...These exercises should be done with free weights! Machines should never be the primary focus of your exercise plan. It is much more natural and healthy (IMO) to use free weights in a full range of motion.

If you want to do cardio and weights on the same day I would recommend doing the cardio after the weights. If you want to do a light warmup before the weights then OK but keep it brief and ... light!

For you I would start with the core compound exercises (bench, deads, MP, and squats), start light, practice the form and begin to progress upwards in weight. Gaining strength in these motions will help you to lose weight in the long run... even if you don't gain much/any muscle. Your body will be working hard to recover from these heavy movements and that takes calories.

Hope this helps,

IW

ChadBroChill 05-08-2012 03:27 PM

IronWorker has pretty much explained the real basics for you and your workout.

I'm fairly new to the serious side of weightlifting, and I will imput/agree as well, do all the basic compound lifts as described. Alot of seasoned/experienced lifters and trainers will tell you its easy to waste alot of time in a gym first starting out.

Research and learn how to do lifts correctly. I do it all the time to make sure that I'm not going to do something that can cause injury. Youtube it as well. Watch how pros lift and take notes on how to.

Also any knowlegeable person here will tell you as well, eat for what you want your body to look like. Its all pretty simple, just takes practice.

ShowTime 05-08-2012 05:25 PM

do more high rep low weights so that it becomes more of a cardio workout. this will make it so your body will not gain mass but will become toned. Always make sure to do some sort of cardio also such as running on the treadmill and running stairs.

iron_worker 05-09-2012 06:26 AM

^^ Please ignore him.

haha

IW

JaxonWhite 05-12-2012 03:22 AM

Quote:

Originally Posted by LewisSellers (Post 92917)
Hello everyone,

I'm new to this forum and really new to the whole building muscle scene anyway! I'm really looking for some advice on where to go and hoping this forum is able to help.

I'm 21 and go to the gym regularly. When I go, I do a mixture of cardio but mostly weight training. I weight about 12st 4pounds and have a bit of a belly on me that I really want to get rid of!

I've done the gym for probably about 8 months now and try to go every other day (usually 3 times a week minimum).

I've built up 'some muscle' but I would still say that my 'flab' as it were covers any lol. I don't use any supplements or anything and I'm really just looking for advice on the following:

1) Whats the best way for me to cut down fat all round? Should I reduce weights and force myself to do more cardio, and if so, why type of cardio (I'm not built to run and I'm pretty shocking at it if truth be told).

2) Should I be looking at the options of supplements? I've been talking to a couple of local shops about it and they keep recommend things but I never know what to do?

Any other help would be great!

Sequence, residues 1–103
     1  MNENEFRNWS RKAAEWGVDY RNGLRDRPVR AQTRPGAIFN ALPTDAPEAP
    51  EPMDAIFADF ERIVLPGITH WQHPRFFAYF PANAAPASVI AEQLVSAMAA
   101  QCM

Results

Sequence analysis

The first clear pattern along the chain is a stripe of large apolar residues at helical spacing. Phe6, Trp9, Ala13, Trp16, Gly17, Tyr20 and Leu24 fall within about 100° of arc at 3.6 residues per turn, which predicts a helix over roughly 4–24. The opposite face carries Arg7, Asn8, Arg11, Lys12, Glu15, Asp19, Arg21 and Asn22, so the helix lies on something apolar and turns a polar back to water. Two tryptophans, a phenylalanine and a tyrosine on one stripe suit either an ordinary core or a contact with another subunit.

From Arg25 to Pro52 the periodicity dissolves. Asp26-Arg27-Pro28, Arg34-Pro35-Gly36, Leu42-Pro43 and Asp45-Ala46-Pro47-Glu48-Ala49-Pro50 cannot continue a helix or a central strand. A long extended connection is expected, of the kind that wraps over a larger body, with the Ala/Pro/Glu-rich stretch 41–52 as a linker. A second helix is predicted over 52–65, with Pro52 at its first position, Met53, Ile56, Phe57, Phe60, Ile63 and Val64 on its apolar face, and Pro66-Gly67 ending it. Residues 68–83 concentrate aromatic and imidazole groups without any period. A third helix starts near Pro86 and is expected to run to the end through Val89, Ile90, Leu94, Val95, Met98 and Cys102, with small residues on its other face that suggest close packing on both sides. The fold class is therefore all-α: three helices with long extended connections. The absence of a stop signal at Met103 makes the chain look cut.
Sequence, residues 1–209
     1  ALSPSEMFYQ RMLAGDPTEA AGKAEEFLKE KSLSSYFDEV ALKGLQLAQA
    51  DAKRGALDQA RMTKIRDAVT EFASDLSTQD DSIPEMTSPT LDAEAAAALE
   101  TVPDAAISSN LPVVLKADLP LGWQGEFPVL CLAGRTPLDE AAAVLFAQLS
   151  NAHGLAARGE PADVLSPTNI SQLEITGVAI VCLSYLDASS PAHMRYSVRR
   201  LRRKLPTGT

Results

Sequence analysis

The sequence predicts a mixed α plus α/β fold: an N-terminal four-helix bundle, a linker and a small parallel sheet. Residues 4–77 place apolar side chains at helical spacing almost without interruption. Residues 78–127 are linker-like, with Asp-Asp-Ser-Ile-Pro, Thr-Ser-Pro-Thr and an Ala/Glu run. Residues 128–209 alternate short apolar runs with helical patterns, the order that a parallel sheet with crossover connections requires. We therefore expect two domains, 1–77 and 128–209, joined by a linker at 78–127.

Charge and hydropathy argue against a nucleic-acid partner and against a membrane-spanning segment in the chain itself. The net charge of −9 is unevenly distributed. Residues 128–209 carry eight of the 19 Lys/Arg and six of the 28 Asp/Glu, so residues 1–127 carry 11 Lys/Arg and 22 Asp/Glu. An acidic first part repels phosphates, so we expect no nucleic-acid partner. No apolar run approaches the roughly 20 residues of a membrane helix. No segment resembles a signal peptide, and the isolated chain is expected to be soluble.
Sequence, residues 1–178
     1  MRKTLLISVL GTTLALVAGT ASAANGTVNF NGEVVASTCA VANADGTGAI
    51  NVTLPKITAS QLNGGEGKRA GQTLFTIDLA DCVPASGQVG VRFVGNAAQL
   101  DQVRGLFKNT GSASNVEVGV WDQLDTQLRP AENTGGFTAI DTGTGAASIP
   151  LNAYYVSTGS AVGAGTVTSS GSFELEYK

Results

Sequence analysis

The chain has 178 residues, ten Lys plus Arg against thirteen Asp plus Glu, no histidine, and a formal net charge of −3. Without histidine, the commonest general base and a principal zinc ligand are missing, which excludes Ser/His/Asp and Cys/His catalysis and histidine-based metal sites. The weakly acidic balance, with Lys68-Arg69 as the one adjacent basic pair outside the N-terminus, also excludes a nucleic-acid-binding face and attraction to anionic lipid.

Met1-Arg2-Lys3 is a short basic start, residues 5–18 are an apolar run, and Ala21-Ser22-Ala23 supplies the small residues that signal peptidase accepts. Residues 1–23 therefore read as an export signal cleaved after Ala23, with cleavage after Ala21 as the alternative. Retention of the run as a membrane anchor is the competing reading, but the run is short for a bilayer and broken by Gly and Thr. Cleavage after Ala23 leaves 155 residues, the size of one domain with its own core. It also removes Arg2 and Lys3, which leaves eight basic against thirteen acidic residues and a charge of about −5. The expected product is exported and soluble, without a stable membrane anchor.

Sorry if I sound like someone who has no idea what he's on about!! I'm trying to start somewhere :)
Lewis

You should join jim for this purpose.

LewisSellers 05-14-2012 04:16 AM

Quote:

Originally Posted by JaxonWhite (Post 92960)
You should join jim for this purpose.

Not sure what you mean?

Quote:

That's a whole lot of isolation/machine exercises ... Yuck.

Compound exercises: Movements that involves the coordination of many muscles/joints. IE: Bench Press, Deadlifts, Military Press, Squats ... Cleans, Power Cleans, Clean and Jerk, Snatch or Power Snatch are great as well but require serious study/practice of the form to be used effectively.

...These exercises should be done with free weights! Machines should never be the primary focus of your exercise plan. It is much more natural and healthy (IMO) to use free weights in a full range of motion.

If you want to do cardio and weights on the same day I would recommend doing the cardio after the weights. If you want to do a light warmup before the weights then OK but keep it brief and ... light!

For you I would start with the core compound exercises (bench, deads, MP, and squats), start light, practice the form and begin to progress upwards in weight. Gaining strength in these motions will help you to lose weight in the long run... even if you don't gain much/any muscle. Your body will be working hard to recover from these heavy movements and that takes calories.

Hope this helps,

IW
Once again, thanks for the tips.

Yeah, you're completely right. At the moment, most of my exercises are on machines apart from the flat bench flies, bicep curls and then the mat exercises like plank, press ups etc.

I'll have to have a look on the net for some more information on some of the exercises you've recommended above and I'll take a look. I've always worked on trying to get form correct before working on increasing the weights. There are some trainers at the gym I go to and they will help out if you need to show you how to do things etc. The only thing I find with them though is that they're usually too busy to give you a proper plan and work something out with you.

I'll update in a couple of weeks once I get back into things and may be back for more help!

Cheers!